International donors raised nearly $600 million Thursday to help alleviate the humanitarian suffering of the 860,000 ethnic Rohingya Muslims who fled Myanmar three years ago to Bangladesh, as that country warned it cannot host them indefinitely.
“The problem was created by Myanmar, and its solution must be found by Myanmar,” Bangladesh’s State Minister for Foreign Affairs Shahriar Alam told the virtual donor’s conference. “Bangladesh is not in a position to continue to take the burden anymore. The Rohingya must return to their country of origin as soon as possible.”
Bangladesh has hosted the Rohingya since they fled Myanmar's northern Rakhine state in August and September 2017, after attacks by Rohingya militants against state security forces led to brutal military “clearance operations” that the U.N. said was tantamount to “ethnic cleansing.”
U.N. Refugee Chief Filippo Grandi reiterated that the ultimate goal is for the Rohingya to return to Myanmar, but under the right conditions.
“We must not lose sight of solutions, and the key solution remains return — return home,” Grandi said. “Responsibility for this lies chiefly with Myanmar.”
The United Nations Refugee Agency (UNHCR) has said that the conditions are not yet conducive on the ground for the Rohingya to return in a dignified, safe and voluntary manner. The Myanmar government has not addressed root causes of the exodus, including discrimination and violence against the Rohingya, or allowing their free movement in Myanmar. There has also been no accountability for atrocity crimes committed against them.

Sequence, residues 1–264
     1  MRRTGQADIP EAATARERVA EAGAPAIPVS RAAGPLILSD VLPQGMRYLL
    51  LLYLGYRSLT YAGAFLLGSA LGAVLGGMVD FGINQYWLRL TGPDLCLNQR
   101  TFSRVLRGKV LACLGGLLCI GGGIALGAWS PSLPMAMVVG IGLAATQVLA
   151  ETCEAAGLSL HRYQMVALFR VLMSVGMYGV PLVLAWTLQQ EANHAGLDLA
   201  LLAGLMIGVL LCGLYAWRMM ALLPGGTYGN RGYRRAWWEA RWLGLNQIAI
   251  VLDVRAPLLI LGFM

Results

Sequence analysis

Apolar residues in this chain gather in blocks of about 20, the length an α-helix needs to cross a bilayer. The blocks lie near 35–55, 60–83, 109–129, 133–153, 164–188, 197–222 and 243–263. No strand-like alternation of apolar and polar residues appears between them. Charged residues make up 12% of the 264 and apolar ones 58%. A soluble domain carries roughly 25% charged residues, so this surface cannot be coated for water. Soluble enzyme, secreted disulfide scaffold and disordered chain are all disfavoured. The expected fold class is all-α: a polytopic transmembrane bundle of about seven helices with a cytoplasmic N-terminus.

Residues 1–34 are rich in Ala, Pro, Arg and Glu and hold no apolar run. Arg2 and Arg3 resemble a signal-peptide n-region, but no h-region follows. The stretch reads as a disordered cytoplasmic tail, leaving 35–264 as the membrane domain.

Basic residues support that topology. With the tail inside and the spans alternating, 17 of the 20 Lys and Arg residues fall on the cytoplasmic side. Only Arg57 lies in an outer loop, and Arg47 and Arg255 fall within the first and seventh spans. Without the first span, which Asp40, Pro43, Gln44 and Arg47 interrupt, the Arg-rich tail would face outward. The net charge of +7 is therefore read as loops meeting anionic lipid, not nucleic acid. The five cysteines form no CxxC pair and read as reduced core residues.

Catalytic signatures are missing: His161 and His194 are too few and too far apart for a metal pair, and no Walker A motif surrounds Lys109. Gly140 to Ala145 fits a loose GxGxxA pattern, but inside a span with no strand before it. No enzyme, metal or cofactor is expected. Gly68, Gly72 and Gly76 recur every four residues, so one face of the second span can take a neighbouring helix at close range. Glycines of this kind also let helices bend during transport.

In addition to the 860,000 Rohingya being hosted by Bangladesh, another 150,000 refugees are in Malaysia, Indonesia and India. Some 600,000 Rohingya remain in Myanmar’s Rakhine State, of whom 140,000 are internally displaced.
Thursday’s donor conference was co-hosted by the UNHCR, the United States, the European Union and Britain.
The United States made the largest contribution, announcing nearly $200 million in new funding, bringing its total 2020 contributions to more than $437 million for the Rohingya, and over $1.2 billion since 2017.
Several other governments also announced new pledges, with a focus on education, COVID-19 response and prevention, protection, food and health assistance.
Contributions will also go toward expanding activities in northern Rakhine State to create the conditions for the return of the refugees and to alleviate pressure on host communities in Bangladesh.